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No Spitting: MLB Unveils Some New Rules Due To The Coronavirus

Dodger Stadium in Los Angeles stands empty in an aerial view from late May. Games will resume in late July.
Bing Guan
Bloomberg via Getty Images
Dodger Stadium in Los Angeles stands empty in an aerial view from late May. Games will resume in late July.

Major League Baseball is officially coming back this summer after a delay caused by the coronavirus pandemic, but aspects of the game will look a little different.

MLB announced Mondaythat it would shift some of its in-game rules, making significant and historic changes.

Many of those rule changes were made with concerns over the spread of the coronavirus in mind, including a threat of immediate ejection if a player or coach comes within 6 feet of an umpire or opponent in the course of an argument.

There's also a ban on spitting, which many baseball players do conspicuously. Spitting, "including but not limited to saliva, sunflower seeds or peanut shells, or tobacco," is prohibited.

Other measures to limit the spread of the virus include asking pitchers to carry a small wet rag instead of licking their fingers for moisture, ordering teams to provide expanded dugout and bullpen space, and instructing all participants to practice general social distancing.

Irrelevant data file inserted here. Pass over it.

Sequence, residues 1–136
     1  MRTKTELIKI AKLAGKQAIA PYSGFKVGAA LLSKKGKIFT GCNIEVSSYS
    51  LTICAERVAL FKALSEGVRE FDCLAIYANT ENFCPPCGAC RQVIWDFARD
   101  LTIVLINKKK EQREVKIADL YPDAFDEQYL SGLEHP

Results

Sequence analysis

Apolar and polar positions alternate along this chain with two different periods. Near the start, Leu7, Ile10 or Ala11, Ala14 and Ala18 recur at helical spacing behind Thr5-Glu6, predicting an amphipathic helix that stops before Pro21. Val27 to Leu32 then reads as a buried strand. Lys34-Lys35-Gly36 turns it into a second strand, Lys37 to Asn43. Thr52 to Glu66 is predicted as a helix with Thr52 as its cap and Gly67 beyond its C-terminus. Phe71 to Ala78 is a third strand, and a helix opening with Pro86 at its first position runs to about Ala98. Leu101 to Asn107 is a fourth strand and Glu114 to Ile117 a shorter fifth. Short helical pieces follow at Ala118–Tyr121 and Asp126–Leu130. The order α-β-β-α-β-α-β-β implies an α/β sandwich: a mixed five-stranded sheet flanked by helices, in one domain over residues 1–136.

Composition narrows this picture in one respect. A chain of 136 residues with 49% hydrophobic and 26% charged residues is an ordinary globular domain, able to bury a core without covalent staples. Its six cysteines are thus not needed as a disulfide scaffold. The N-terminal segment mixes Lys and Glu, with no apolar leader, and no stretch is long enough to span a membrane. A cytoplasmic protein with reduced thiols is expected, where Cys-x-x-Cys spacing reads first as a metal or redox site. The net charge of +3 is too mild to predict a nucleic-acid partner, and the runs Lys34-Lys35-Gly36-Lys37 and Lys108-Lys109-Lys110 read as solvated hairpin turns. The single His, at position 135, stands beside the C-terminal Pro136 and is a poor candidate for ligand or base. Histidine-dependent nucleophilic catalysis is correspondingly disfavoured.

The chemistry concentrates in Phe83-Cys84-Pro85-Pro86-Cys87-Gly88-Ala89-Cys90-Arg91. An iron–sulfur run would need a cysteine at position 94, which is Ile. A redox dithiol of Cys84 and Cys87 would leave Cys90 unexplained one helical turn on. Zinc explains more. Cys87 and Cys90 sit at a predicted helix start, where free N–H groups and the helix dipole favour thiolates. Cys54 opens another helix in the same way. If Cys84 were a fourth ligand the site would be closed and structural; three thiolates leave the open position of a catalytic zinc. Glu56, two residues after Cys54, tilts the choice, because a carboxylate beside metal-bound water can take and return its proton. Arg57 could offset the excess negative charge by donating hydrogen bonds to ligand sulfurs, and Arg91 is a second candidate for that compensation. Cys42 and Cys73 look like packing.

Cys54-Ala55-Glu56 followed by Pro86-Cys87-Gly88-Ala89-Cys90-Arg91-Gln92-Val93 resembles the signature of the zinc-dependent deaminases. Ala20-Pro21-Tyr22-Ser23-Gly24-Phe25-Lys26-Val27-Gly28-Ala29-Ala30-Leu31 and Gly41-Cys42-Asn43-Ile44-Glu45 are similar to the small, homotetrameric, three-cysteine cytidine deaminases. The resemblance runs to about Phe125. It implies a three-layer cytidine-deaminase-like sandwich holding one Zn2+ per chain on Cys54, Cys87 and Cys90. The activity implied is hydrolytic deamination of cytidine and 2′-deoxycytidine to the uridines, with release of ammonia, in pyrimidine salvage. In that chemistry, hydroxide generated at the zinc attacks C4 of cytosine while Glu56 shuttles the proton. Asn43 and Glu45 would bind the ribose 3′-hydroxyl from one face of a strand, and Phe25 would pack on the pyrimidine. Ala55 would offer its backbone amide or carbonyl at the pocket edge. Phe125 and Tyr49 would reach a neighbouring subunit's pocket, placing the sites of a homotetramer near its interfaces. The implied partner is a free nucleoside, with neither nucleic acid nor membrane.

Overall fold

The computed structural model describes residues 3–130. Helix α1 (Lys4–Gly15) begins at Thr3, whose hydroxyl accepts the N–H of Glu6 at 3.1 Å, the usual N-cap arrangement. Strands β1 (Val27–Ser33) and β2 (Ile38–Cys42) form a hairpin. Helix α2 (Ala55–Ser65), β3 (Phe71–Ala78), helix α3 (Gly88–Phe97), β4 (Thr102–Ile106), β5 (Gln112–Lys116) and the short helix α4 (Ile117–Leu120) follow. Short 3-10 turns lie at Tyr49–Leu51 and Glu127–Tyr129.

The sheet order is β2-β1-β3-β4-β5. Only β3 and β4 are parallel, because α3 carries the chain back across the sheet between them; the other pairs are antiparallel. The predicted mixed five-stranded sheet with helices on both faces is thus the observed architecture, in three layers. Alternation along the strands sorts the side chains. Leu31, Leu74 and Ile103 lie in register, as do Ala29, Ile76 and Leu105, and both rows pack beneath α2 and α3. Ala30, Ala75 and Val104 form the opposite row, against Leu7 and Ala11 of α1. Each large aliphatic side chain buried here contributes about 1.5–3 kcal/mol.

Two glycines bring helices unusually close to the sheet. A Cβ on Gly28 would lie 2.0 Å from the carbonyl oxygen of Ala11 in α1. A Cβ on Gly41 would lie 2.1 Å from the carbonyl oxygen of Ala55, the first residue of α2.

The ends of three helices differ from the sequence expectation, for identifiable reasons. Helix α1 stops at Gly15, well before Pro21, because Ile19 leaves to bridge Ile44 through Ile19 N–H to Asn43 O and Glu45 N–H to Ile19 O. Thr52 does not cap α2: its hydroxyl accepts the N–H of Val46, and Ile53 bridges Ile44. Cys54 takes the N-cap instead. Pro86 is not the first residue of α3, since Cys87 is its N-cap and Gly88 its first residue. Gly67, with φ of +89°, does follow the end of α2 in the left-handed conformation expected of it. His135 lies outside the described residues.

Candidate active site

Fielders are also "encouraged to retreat several steps away" from the base runner when the ball is out of play.

The league has also tweaked game play rules in other ways, including some that are intended to speed up the game.

The National League, which represents half of the MLB's teams, will allow teams to use designated hitters for the first time ever. That means another player can bat in place of the pitcher. The American League has had this rule in place for decades.

If a game goes into extra innings, teams will start each half-inning with a runner on second base — a move that will likely lead to more scoring when teams are tied after nine innings. Also, any player may appear as a pitcher at any point in the game.

While players will report to their respective training camps Wednesday, the shortened, 60-game regular season is not set to begin until July 23 or 24. Some details still need to be worked out between the Major League Baseball Players Association and MLB.

Copyright 2021 NPR. To see more, visit https://www.npr.org.

Austin Horn is a 2019-2020 Kroc Fellow. He joined NPR after internships at the San Antonio Express-News and Frankfort State-Journal, as well as a couple stints in the service industry. He aims to keep his reporting grounded in the experience of real individuals of all stripes.
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